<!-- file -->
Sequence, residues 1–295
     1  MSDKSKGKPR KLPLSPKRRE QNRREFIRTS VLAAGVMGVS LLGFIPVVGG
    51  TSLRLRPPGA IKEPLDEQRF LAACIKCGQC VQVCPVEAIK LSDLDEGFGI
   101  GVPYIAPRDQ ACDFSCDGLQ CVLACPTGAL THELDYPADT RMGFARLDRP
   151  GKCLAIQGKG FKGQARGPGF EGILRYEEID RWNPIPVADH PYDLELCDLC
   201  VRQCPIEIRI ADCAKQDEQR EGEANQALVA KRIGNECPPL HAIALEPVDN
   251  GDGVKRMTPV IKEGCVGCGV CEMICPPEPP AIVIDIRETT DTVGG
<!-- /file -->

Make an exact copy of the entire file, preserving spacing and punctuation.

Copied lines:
Sequence, residues 1–295
     1  MSDKSKGKPR KLPLSPKRRE QNRREFIRTS VLAAGVMGVS LLGFIPVVGG
    51  TSLRLRPPGA IKEPLDEQRF LAACIKCGQC VQVCPVEAIK LSDLDEGFGI
   101  GVPYIAPRDQ ACDFSCDGLQ CVLACPTGAL THELDYPADT RMGFARLDRP
   151  GKCLAIQGKG FKGQARGPGF EGILRYEEID RWNPIPVADH PYDLELCDLC
   201  VRQCPIEIRI ADCAKQDEQR EGEANQALVA KRIGNECPPL HAIALEPVDN
   251  GDGVKRMTPV IKEGCVGCGV CEMICPPEPP AIVIDIRETT DTVGG